Amazon RDS vs Oracle

Get Advice Icon

Need advice about which tool to choose?Ask the StackShare community!

Amazon RDS
Amazon RDS

5.5K
3.2K
+ 1
757
Oracle
Oracle

883
646
+ 1
81
Add tool

Amazon RDS vs Oracle: What are the differences?

What is Amazon RDS? Set up, operate, and scale a relational database in the cloud. Amazon RDS gives you access to the capabilities of a familiar MySQL, Oracle or Microsoft SQL Server database engine. This means that the code, applications, and tools you already use today with your existing databases can be used with Amazon RDS. Amazon RDS automatically patches the database software and backs up your database, storing the backups for a user-defined retention period and enabling point-in-time recovery. You benefit from the flexibility of being able to scale the compute resources or storage capacity associated with your Database Instance (DB Instance) via a single API call.

What is Oracle? An RDBMS that implements object-oriented features such as user-defined types, inheritance, and polymorphism. Oracle Database is an RDBMS. An RDBMS that implements object-oriented features such as user-defined types, inheritance, and polymorphism is called an object-relational database management system (ORDBMS). Oracle Database has extended the relational model to an object-relational model, making it possible to store complex business models in a relational database.

Amazon RDS and Oracle are primarily classified as "SQL Database as a Service" and "Databases" tools respectively.

"Reliable failovers" is the primary reason why developers consider Amazon RDS over the competitors, whereas "Reliable" was stated as the key factor in picking Oracle.

According to the StackShare community, Amazon RDS has a broader approval, being mentioned in 1437 company stacks & 526 developers stacks; compared to Oracle, which is listed in 106 company stacks and 92 developer stacks.

- No public GitHub repository available -
- No public GitHub repository available -

What is Amazon RDS?

Amazon RDS gives you access to the capabilities of a familiar MySQL, Oracle or Microsoft SQL Server database engine. This means that the code, applications, and tools you already use today with your existing databases can be used with Amazon RDS. Amazon RDS automatically patches the database software and backs up your database, storing the backups for a user-defined retention period and enabling point-in-time recovery. You benefit from the flexibility of being able to scale the compute resources or storage capacity associated with your Database Instance (DB Instance) via a single API call.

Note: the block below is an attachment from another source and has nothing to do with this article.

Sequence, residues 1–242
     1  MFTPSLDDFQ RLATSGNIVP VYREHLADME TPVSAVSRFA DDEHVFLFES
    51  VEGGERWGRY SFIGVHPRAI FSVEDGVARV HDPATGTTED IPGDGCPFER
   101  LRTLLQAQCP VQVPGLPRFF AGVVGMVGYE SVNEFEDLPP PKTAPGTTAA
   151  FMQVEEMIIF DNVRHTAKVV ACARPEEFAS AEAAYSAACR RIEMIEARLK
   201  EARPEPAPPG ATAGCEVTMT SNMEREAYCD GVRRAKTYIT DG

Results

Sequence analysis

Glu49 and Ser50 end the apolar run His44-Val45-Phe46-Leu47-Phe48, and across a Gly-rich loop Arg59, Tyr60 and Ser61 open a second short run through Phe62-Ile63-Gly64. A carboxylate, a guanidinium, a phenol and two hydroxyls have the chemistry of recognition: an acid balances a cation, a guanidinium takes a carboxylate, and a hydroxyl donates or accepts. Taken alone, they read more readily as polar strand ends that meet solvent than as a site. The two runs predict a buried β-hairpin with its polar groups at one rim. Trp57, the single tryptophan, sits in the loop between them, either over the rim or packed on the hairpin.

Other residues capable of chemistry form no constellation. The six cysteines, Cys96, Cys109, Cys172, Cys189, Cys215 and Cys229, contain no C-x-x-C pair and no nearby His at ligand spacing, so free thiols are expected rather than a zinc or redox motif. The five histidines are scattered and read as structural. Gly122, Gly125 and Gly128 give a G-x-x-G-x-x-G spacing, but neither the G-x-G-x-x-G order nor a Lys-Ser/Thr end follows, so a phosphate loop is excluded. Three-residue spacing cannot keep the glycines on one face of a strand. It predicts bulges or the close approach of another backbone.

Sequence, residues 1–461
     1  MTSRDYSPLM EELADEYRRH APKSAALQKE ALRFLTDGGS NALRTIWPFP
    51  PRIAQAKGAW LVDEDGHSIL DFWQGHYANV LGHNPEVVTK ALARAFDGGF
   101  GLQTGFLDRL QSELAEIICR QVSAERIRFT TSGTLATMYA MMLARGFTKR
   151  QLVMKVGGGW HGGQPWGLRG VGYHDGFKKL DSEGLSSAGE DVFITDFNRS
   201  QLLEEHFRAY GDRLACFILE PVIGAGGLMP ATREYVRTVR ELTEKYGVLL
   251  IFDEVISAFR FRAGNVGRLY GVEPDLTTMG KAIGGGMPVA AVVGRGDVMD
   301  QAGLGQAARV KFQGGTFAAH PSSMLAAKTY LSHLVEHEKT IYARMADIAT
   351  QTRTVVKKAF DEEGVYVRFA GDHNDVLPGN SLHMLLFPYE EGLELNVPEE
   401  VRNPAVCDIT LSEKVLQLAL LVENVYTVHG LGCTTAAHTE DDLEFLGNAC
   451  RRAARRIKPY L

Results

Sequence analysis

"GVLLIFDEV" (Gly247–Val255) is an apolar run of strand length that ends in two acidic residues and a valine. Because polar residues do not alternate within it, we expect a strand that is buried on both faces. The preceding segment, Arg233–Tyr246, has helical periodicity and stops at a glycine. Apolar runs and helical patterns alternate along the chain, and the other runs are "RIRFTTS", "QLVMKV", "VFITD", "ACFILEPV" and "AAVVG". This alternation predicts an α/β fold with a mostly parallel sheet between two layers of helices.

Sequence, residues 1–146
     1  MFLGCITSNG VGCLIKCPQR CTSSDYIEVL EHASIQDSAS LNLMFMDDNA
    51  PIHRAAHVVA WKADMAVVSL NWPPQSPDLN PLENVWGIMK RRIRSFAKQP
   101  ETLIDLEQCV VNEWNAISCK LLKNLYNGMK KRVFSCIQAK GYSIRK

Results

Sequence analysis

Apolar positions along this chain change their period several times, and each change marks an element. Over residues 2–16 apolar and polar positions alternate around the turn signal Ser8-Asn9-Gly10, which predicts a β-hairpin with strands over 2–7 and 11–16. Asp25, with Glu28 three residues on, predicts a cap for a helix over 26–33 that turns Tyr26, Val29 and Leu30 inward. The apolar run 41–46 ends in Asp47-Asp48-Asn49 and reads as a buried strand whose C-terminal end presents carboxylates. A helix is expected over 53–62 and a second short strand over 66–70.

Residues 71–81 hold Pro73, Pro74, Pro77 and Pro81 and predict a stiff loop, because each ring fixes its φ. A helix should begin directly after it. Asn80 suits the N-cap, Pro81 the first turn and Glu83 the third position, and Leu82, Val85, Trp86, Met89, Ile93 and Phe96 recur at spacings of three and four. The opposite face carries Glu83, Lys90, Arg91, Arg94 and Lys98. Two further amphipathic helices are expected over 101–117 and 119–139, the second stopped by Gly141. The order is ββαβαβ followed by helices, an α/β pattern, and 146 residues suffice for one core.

What is Oracle?

Oracle Database is an RDBMS. An RDBMS that implements object-oriented features such as user-defined types, inheritance, and polymorphism is called an object-relational database management system (ORDBMS). Oracle Database has extended the relational model to an object-relational model, making it possible to store complex business models in a relational database.
Get Advice Icon

Need advice about which tool to choose?Ask the StackShare community!

Why do developers choose Amazon RDS?
Why do developers choose Oracle?

Sign up to add, upvote and see more prosMake informed product decisions

    Be the first to leave a con
    What companies use Amazon RDS?
    What companies use Oracle?

    Sign up to get full access to all the companiesMake informed product decisions

    What tools integrate with Amazon RDS?
    What tools integrate with Oracle?

    Sign up to get full access to all the tool integrationsMake informed product decisions

    What are some alternatives to Amazon RDS and Oracle?
    Amazon Redshift
    It is optimized for data sets ranging from a few hundred gigabytes to a petabyte or more and costs less than $1,000 per terabyte per year, a tenth the cost of most traditional data warehousing solutions.
    Apache Aurora
    Apache Aurora is a service scheduler that runs on top of Mesos, enabling you to run long-running services that take advantage of Mesos' scalability, fault-tolerance, and resource isolation.
    MySQL
    The MySQL software delivers a very fast, multi-threaded, multi-user, and robust SQL (Structured Query Language) database server. MySQL Server is intended for mission-critical, heavy-load production systems as well as for embedding into mass-deployed software.
    Heroku Postgres
    Heroku Postgres provides a SQL database-as-a-service that lets you focus on building your application instead of messing around with database management.
    Google Cloud SQL
    MySQL databases deployed in the cloud without a fuss. Google Cloud Platform provides you with powerful databases that run fast, don’t run out of space and give your application the redundant, reliable storage it needs.
    See all alternatives
    Decisions about Amazon RDS and Oracle
    Tim Specht
    Tim Specht
    ‎Co-Founder and CTO at Dubsmash · | 13 upvotes · 72.9K views
    atDubsmashDubsmash
    PostgreSQL
    PostgreSQL
    Heroku
    Heroku
    Amazon RDS
    Amazon RDS
    Amazon DynamoDB
    Amazon DynamoDB
    Redis
    Redis
    Amazon RDS for Aurora
    Amazon RDS for Aurora
    #SqlDatabaseAsAService
    #NosqlDatabaseAsAService
    #Databases
    #PlatformAsAService

    Over the years we have added a wide variety of different storages to our stack including PostgreSQL (some hosted by Heroku, some by Amazon RDS) for storing relational data, Amazon DynamoDB to store non-relational data like recommendations & user connections, or Redis to hold pre-aggregated data to speed up API endpoints.

    Since we started running Postgres ourselves on RDS instead of only using the managed offerings of Heroku, we've gained additional flexibility in scaling our application while reducing costs at the same time.

    We are also heavily testing Amazon RDS for Aurora in its Postgres-compatible version and will also give the new release of Aurora Serverless a try!

    #SqlDatabaseAsAService #NosqlDatabaseAsAService #Databases #PlatformAsAService